The report said for most drugs, increasing doses and shortening the treatment period apparently is less effective in selecting for resistance than the usual dose and regimen.
It added that every country should revise animal production practices with responsible use of antibiotics. The amounts used currently must be decreased or eliminated, it said.
Then the academy added: “There is no question but that research on the impacts of antibiotic use in agriculture on resistance in the clinic is scant and deserves more attention.”
The academy also expressed concern over whether important messages about antibiotic resistance are getting across from scientists and infectious disease specialists to prescribers, stakeholders -- including the public -- health care providers and public officials.
"Innovative and effective communication initiatives are needed, as are carefully tailored messages for each of the stakeholder groups," the academy said.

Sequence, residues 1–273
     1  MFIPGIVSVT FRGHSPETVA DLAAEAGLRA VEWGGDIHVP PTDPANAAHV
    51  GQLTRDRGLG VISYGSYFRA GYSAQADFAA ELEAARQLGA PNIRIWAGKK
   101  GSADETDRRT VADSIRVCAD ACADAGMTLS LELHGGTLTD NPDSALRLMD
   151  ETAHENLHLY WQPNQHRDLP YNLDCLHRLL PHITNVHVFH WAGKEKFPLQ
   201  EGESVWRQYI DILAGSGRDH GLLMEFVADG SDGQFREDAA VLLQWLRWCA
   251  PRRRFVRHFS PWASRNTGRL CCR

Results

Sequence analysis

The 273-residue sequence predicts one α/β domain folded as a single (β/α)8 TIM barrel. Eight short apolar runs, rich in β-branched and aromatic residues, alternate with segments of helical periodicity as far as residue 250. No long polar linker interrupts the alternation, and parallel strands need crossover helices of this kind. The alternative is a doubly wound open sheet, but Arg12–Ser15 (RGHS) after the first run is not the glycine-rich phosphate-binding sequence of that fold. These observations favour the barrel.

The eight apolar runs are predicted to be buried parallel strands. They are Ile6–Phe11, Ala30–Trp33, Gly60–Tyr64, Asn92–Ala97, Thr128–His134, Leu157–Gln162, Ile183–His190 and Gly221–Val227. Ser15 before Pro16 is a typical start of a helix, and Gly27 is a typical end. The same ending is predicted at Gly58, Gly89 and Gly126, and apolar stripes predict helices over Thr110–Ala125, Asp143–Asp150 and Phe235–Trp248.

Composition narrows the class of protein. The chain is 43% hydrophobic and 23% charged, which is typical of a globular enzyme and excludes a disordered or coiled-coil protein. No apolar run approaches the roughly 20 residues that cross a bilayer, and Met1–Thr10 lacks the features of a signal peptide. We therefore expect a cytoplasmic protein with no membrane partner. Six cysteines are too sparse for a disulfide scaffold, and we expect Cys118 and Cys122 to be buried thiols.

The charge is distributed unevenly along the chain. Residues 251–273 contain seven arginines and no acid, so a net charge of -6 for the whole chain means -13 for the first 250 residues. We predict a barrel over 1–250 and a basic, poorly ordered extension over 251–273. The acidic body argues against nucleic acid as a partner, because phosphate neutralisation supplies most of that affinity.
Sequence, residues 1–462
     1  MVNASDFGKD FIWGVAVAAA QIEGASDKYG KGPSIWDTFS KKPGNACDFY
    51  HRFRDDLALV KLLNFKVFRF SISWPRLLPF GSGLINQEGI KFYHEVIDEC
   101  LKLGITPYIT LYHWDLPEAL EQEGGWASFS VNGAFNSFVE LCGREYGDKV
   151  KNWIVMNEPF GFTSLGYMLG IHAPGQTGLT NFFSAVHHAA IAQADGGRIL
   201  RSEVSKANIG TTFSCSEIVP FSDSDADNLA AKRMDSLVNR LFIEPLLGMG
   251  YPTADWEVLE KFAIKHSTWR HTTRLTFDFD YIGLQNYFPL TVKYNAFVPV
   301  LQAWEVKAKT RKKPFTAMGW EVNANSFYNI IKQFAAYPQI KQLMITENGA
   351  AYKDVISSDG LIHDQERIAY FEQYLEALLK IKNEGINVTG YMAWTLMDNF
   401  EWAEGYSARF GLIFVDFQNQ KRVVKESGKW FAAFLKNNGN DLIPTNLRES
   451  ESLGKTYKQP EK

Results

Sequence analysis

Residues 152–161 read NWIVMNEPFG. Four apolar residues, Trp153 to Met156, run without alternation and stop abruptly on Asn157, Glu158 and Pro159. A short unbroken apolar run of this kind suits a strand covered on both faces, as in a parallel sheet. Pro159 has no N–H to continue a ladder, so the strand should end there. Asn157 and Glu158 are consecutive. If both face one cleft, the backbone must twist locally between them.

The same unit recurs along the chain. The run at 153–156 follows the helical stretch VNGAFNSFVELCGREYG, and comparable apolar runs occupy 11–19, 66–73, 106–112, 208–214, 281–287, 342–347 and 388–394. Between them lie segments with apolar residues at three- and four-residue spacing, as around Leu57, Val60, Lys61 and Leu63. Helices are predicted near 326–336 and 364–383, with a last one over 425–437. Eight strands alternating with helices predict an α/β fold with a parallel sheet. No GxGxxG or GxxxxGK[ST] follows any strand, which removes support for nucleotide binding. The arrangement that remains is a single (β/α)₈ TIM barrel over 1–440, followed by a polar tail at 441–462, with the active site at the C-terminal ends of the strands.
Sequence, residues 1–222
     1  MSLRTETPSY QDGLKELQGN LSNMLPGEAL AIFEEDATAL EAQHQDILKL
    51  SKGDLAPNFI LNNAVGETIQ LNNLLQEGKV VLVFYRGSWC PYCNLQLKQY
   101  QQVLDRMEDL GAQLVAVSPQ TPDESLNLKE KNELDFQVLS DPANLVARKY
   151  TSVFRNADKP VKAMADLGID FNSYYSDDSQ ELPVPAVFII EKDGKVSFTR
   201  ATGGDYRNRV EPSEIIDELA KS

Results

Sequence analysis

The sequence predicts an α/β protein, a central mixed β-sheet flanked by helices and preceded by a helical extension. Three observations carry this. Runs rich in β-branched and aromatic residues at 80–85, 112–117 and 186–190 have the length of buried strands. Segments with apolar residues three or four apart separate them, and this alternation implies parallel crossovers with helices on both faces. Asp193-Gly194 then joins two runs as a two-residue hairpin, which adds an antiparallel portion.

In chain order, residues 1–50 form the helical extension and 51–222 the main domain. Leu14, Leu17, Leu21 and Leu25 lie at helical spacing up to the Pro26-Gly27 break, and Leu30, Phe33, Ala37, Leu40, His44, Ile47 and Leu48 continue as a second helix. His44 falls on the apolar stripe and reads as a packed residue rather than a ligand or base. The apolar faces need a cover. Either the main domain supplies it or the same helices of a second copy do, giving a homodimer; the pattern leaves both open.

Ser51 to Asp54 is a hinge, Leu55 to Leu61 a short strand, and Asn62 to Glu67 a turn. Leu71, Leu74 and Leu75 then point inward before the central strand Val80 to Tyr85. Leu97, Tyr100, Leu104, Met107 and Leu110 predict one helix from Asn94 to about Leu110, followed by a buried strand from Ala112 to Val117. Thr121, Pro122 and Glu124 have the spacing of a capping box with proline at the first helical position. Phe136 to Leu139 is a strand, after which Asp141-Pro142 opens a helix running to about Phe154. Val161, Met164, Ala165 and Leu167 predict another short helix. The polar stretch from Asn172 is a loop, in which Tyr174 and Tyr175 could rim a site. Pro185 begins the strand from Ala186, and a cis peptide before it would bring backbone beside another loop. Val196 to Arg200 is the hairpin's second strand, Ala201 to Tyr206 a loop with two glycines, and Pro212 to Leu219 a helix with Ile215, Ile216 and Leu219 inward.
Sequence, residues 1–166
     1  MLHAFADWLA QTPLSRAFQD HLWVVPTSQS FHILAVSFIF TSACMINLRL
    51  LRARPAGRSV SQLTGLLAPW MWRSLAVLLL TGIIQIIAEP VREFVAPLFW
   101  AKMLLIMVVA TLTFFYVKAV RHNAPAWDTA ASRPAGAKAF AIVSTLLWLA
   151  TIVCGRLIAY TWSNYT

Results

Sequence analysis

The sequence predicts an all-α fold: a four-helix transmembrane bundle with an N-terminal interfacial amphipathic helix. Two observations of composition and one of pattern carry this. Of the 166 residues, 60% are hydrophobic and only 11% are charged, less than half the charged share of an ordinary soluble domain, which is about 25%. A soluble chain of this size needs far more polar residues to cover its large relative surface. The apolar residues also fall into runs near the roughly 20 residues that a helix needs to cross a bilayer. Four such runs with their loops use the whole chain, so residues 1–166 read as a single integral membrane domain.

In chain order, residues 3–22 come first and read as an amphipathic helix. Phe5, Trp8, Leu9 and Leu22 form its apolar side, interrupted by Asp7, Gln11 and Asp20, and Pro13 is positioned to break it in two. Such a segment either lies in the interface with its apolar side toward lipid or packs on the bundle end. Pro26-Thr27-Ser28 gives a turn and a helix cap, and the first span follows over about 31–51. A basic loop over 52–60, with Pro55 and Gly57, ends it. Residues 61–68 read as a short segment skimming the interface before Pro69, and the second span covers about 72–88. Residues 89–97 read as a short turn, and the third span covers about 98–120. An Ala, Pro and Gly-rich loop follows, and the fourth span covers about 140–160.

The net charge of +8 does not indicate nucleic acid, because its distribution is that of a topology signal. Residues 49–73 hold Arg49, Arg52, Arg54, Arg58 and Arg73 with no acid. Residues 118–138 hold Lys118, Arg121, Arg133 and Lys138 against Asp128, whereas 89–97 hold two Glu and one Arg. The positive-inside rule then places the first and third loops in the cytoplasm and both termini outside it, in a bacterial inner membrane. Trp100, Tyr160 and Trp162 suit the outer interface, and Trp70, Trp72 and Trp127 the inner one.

The American Academy of Microbiology is the honorific leadership group within the American Society for Microbiology (ASM), the world's oldest and largest life science organization. The academy serves as a resource to governmental agencies, industry, ASM and the larger scientific and lay communities by convening colloquia to address critical issues in microbiology.
The academy convened a colloquium in October 2008 to discuss antibiotic resistance and the factors that influence the development and spread of resistance.
Participants whose areas of expertise included medicine, microbiology and public health made specific recommendations for needed research, policy development, a surveillance network and treatment guidelines. Antibiotic resistance issues specific to the developing world were discussed, and recommendations for improvements were made.
To read the full report, go to: Report.
Muirhead is editor of Feedstuffs magazine
Beef Producer Editor Alan Newport contributed to this article.